Hampi or Hampe (in Kannada), also referred to as the Group of Monuments at Hampi, is a UNESCO World Heritage Site located in east-central Karnataka, India. It became the pilgrimage centre of the Hindu religion. It was the capital of Vijayanagara Empire in the 14th century. Chronicles left by Persian and European travellers, particularly the Portuguese are saying that state Hampi was a prosperous, wealthy and grand city near the Tungabhadra River, with numerous temples, farms and trading markets. By 1500 CE, Hampi - Vijayanagara was the world's second-largest medieval-era city after Beijing, and probably India's richest at that time, attracting traders from Persia and Portugal. The Vijayanagara Empire was defeated by a coalition of Muslim sultanates; its capital was conquered, pillaged and destroyed by sultanate armies in 1565, after which Hampi remained in ruins.
Located in Karnataka near the modern-era city of Hosapete, Hampi's ruins are spread over 4,100 hectares (16 sq mi) and it has been described by UNESCO as an "austere, grandiose site" of more than 1,600 surviving remains of the last great Hindu kingdom in South India that includes "forts, riverside features, royal and sacred complexes, temples, shrines, pillared halls, mandapas, memorial structures, water structures and others". Hampi predates the Vijayanagara Empire; there is evidence of Ashokan epigraphy, and it is mentioned in the Ramayana and the Puranas of Hinduism as Pampaa Devi Tirtha Kshetra. Hampi continues to be an important religious centre, housing the Virupaksha Temple, an active Adi Shankara-linked monastery and various monuments belonging to the old city.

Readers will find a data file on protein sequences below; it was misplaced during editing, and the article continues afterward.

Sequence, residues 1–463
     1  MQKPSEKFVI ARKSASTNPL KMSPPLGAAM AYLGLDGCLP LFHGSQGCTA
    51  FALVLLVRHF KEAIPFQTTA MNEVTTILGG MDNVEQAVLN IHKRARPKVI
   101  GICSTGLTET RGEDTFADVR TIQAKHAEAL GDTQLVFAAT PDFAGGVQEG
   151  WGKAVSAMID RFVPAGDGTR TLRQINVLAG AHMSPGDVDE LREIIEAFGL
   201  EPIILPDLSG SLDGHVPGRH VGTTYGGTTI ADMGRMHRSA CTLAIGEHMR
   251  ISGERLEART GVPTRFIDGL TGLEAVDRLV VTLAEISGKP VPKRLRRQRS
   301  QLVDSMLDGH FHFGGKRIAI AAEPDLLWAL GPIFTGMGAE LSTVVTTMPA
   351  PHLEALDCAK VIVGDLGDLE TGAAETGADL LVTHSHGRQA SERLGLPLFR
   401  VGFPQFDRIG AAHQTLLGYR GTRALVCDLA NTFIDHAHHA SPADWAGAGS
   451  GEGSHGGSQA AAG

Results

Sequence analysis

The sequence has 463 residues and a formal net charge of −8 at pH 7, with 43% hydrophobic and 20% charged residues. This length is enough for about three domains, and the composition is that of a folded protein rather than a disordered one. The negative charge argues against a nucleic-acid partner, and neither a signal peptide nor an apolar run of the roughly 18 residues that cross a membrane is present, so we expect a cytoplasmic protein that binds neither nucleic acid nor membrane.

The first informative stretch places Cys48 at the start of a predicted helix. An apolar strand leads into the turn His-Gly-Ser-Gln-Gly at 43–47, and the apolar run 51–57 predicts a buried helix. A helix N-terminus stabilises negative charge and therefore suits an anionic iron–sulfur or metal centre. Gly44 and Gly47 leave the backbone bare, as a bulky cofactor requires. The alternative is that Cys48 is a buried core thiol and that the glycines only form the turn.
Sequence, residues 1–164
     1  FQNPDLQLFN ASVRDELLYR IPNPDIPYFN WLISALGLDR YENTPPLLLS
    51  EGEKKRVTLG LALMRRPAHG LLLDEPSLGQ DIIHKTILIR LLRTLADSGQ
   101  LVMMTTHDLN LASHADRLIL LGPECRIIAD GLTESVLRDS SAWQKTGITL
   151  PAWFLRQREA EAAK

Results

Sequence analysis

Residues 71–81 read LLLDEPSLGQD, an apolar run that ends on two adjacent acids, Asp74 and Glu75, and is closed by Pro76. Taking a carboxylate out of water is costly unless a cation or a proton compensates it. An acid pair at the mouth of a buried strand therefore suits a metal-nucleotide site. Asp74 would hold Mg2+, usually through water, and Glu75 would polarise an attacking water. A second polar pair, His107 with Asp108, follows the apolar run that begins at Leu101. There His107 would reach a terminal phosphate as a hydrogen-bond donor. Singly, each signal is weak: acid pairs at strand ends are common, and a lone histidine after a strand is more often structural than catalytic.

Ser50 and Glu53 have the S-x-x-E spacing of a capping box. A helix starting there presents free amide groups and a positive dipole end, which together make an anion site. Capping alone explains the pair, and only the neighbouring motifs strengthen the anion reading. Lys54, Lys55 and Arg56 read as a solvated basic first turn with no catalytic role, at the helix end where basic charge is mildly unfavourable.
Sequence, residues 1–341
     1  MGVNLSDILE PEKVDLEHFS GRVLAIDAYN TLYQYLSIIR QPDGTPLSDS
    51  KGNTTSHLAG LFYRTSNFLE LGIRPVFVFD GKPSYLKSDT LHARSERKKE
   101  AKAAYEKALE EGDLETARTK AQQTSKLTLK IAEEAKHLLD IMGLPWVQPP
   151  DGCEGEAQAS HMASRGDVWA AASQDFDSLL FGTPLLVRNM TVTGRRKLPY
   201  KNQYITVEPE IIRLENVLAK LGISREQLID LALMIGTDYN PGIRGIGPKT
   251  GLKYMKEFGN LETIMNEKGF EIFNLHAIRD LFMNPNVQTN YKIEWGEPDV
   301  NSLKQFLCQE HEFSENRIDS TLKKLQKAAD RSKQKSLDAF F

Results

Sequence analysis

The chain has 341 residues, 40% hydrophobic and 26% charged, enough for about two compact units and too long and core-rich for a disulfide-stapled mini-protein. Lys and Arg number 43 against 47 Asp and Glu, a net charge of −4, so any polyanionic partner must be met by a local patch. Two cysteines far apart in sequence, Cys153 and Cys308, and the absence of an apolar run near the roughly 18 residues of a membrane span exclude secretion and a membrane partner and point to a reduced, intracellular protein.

Hampi identifies with the mythological Kishkindha, the Vanara (monkey) kingdom which finds mention in the Ramayana. The first historical settlements in Hampi date to 1 C.E. Hampi formed one of the centers of the capital of the Vijayanagara Empire from 1336 to 1565. Muslim emperors destroyed it. The founders of Hampi selected the site for its strategic location, bounded by the torrential Tungabhadra river on one side and surrounded by defensible hills on the other three sides.
In terms of architecture and history, the site has immense significance. Abundant large stones had been used to create life-like statues of gods. Structure of historic importance stand every quarter of a mile. Sadly, the city stands in ruins, a testimony to the Islamic ravages of the sites. The conquerers considered the statues at Hampi idols, destroying or damaging all of them. Successive governments have been unable to protect the site from looters and treasure hunters, who cause further damage. The Archaeological Survey of India has conducted continuous excavations of the site to discover more artifacts and temples.